Why They Stay: Sex Scandals, Deals and Hidden Agendas of Nine Political Wives
Ogunquit-NY Press (2017)
Reviewed by Kimberly Luyckx for Reader Views (11/17)
Anne Michaud, acclaimed journalist and author of “Why They Stay: Sex Scandals, Deals and Hidden Agendas of Nine Political Wives,” details a compelling account of couples in the public limelight whose marriages are tainted by disgrace, injustice and dishonor. How and why the wives of these couples stay in their marriages is the author’s focus. Michaud offers nine examples of political marriages that endure in the face of sexual scandal and infidelity. The stories that she presents span the period of 1920 to the present day as well as both sides of the Atlantic.
The author compares the women to the medieval queen, Elizabeth Woodville, grandmother to King Henry VIII, whose loyalty to the Tudor dynasty surmounted her desire for a faithful marriage. Michaud describes five specific characteristics she calls the “White Queen Traits” which she says account for the reasons these political wives stay with their immoral husbands. She describes the “White Queen” attributes as: patriarchal tradition, security, patriotism, family responsibilities and legacy building.
Michaud hypothesizes that today’s political marriages are not so different from the centuries old sovereign unions. In her view, spouses of contemporary statesmen are destined to make the same sort of compromises as medieval queens did due to the unique set of standards and pressures they face.
Recent times also bring to light other factors that may play a part in why these women stay. Michaud invites us to question whether or not these wives might be influenced by a general distrust of the media press. Or, as the role for women in politics evolves, could they be jockeying for their own powerful positions in the government?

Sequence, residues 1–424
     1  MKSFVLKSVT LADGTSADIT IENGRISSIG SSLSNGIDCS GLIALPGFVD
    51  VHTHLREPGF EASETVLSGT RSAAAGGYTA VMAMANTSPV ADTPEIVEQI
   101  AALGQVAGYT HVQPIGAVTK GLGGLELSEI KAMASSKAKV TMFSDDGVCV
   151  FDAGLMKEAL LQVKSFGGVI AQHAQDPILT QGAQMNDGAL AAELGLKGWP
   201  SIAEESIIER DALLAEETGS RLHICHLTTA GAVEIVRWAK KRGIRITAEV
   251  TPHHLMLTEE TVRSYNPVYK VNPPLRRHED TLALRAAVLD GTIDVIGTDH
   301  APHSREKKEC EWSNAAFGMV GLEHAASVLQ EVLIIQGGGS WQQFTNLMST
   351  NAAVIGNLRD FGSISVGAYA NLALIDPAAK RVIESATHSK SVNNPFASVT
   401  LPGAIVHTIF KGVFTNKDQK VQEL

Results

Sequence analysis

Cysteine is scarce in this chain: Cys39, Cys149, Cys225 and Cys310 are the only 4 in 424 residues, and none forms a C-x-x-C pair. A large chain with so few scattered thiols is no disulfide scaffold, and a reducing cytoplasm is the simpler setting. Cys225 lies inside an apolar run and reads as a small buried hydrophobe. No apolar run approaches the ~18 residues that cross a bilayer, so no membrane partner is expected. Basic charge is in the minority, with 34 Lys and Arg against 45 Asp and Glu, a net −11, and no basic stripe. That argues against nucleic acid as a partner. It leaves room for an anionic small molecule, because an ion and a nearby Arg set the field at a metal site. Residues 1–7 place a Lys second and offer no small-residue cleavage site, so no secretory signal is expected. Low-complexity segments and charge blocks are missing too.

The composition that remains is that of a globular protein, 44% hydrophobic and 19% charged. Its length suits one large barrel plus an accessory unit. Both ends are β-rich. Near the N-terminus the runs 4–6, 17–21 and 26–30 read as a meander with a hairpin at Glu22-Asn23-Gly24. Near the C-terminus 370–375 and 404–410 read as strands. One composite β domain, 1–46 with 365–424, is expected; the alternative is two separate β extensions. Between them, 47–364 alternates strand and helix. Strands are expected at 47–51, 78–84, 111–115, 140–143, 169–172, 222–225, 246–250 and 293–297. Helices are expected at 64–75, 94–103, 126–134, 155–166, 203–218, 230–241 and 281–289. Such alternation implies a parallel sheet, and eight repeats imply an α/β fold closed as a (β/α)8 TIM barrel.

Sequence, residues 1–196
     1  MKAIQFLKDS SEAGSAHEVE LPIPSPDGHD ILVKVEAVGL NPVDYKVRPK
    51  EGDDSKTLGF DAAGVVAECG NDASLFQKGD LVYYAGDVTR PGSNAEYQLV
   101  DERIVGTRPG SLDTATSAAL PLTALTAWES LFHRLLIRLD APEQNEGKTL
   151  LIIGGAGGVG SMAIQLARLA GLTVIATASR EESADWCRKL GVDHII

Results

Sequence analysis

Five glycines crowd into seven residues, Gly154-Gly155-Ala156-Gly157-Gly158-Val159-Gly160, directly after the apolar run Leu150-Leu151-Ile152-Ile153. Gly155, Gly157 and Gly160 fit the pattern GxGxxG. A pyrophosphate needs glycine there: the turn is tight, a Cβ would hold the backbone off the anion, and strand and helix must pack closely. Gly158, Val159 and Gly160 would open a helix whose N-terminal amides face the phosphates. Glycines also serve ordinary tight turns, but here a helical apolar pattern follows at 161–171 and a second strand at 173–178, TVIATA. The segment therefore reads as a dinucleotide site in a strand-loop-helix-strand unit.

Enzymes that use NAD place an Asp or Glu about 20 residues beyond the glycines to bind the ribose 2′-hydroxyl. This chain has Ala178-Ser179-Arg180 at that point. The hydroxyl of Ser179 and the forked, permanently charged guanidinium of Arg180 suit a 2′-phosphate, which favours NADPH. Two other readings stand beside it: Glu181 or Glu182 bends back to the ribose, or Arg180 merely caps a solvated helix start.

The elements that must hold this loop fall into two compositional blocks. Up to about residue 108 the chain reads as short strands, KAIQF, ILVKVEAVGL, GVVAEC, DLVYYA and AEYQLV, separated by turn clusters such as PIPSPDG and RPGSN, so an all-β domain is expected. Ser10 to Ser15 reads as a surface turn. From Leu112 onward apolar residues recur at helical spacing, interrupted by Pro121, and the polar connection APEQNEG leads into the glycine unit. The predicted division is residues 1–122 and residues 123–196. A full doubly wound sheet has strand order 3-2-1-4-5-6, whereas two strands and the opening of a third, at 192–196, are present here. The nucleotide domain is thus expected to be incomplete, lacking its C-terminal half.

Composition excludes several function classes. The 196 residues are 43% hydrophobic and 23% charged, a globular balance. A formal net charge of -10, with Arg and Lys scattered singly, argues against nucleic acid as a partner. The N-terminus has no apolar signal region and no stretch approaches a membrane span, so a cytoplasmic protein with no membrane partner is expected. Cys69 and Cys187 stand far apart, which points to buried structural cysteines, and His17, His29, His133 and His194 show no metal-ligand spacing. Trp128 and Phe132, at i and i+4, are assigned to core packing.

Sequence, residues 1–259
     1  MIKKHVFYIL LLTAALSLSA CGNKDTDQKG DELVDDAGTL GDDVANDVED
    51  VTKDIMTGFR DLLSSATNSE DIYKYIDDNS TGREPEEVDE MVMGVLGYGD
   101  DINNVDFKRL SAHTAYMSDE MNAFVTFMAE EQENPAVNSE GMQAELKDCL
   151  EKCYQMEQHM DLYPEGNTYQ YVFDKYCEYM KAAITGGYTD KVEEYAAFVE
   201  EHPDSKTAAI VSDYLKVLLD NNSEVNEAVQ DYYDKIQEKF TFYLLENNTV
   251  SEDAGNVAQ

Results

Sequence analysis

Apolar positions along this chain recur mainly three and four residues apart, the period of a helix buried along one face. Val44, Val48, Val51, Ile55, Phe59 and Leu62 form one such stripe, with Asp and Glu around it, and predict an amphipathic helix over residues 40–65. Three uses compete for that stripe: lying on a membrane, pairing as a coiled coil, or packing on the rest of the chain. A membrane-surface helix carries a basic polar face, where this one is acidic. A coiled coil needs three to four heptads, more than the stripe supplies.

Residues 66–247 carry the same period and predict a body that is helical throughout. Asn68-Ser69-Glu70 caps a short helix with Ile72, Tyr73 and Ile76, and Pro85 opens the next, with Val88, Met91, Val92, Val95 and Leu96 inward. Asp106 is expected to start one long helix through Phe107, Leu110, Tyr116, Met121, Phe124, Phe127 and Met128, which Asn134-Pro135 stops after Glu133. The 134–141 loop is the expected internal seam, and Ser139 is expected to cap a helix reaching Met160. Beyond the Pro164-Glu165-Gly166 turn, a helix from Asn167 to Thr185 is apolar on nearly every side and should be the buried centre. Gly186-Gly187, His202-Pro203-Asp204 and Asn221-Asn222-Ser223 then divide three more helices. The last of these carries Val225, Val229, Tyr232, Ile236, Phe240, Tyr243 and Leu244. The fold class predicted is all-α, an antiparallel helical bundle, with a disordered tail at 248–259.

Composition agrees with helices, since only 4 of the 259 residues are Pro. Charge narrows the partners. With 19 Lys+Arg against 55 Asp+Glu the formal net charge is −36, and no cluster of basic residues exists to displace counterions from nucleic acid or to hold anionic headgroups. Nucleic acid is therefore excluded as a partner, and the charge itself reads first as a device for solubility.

“Why They Stay” is well written and has an in-depth group of endnotes that denote the book’s tremendous supporting references. The “stories” are mini histories of time. They serve as informative synopses of the Roosevelts, Kennedys, Clintons and other prominent families. The writer does take a bit of liberty in assuming the source of these women’s beliefs and feelings, whether of conservatism, patriotism or security. At the same time, theorizing and labeling each of the wives with a “White Queen Quotient” makes for an interesting read. While I see the book as more of a political history and social study, others may view it as a tabloid type of journalism. For example, in commenting on Jacqueline Kennedy, the author asserts it was “hardly a patriotic choice (to marry Aristotle Onassis), and for this, Jackie forfeits her White Queen points.”
Anne Michaud’s book is an intricate psychological study of political wives who remain in marriages despite their influential partners’ sexual exploits. The book highlights the similarities between these nine wives and gives particulars as to why their public positions make them more likely to remain in such humiliating relationships.
Anyone interested in politics or the dynamics of couples in public positions would definitely find this book of interest. “Why They Stay: Sex Scandals, Deals and Hidden Agendas of Nine Political Wives” by Anne Michaud is a poignant look at modern political partnerships whose message not only speaks to the validity of marriage in leadership positions but also to the principles and morals of our leaders themselves.